While it is essential to recognize that all are called, in various ways, to serve the Lord, criticism of a church for having certain expectations borders on being divisive and judgmental. Perhaps those who do not value seminary education can trust that God may still work through churches that do, and vice versa.

While I certainly fall on the “pro-seminary” side of this, I hope that I do not diminish those who feel the opposite way.

Expectations for ministers may vary from church to church, or ministry to ministry. Calling out others because their expectations are different is much more dangerous than the expectations themselves.


Whereas Christians Need to Stop Watching the Oscars

Yes, yes, we have just finished up a “wonderful” season as we begin the spring.

We call it Oscar Season.

People glued themselves to the television to fawn over a group of talented, yet completely self-absorbed, people during their night of self-congratulatory splendor. Then, more people spent the following week either loving or criticizing what these people (particularly the ladies) wore to this party.

Some people take it as a temporary distraction from reality—after all, isn’t that kind of what a movie is supposed to be? But it also points out the absurd obsession that we have with celebrity in this country.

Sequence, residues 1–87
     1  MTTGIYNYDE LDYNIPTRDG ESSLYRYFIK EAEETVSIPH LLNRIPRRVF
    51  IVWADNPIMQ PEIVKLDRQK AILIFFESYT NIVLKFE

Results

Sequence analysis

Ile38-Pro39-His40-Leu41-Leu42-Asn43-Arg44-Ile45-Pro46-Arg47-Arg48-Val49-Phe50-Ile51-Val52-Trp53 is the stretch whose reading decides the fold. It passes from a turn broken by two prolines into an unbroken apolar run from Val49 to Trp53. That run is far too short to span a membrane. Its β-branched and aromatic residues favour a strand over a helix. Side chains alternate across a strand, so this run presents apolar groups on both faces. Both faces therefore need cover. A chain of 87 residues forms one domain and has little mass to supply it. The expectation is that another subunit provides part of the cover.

We are enamored with fame and celebrity culture. For some reason, we’ve even decided that it’s a good idea to hear what these people have to say about political issues, environmental science, education or child vaccinations. Do you think it’s any accident that Clint Eastwood and Scarlett Johansson actual spoke at the political conventions in 2012? At least Eastwood has held a political office, albeit a small one.

For some reason, we think that being famous gives you more clout on topics about which a person may have zero wisdom, knowledge, training or experience. So we turn on our televisions to watch each of the 17 self-congratulatory events that these entertainers throw for themselves each calendar year. It wouldn’t be such a big deal, except that we actually listen and care way too much what these people have to say.

Especially if they have something to say about God. Enter Matthew McConaughey.

In his acceptance speech, he made a number of references, giving God credit for his success and showing appreciation for his personal relationship with the Almighty. Christians went nuts over his speech and then went on the offensive against Hollywood for not clapping loud enough about his comments.

Never mind that McConaughey earned this honor making a movie that was filled with sex, including homosexuality. Never mind that many viewed the film as a social commentary encouraging people to change their views regarding AIDS and homosexuality. Never mind that other criticize the film for its lack of morality regarding the lifestyles of the characters involved.

The minute the McConaughey mentioned God, all bets were off and all was forgiven, at least for him and the message of his film. Media outlets jumped to his defense at the perceived–or perhaps real–lukewarm reaction that his Oscar speech received.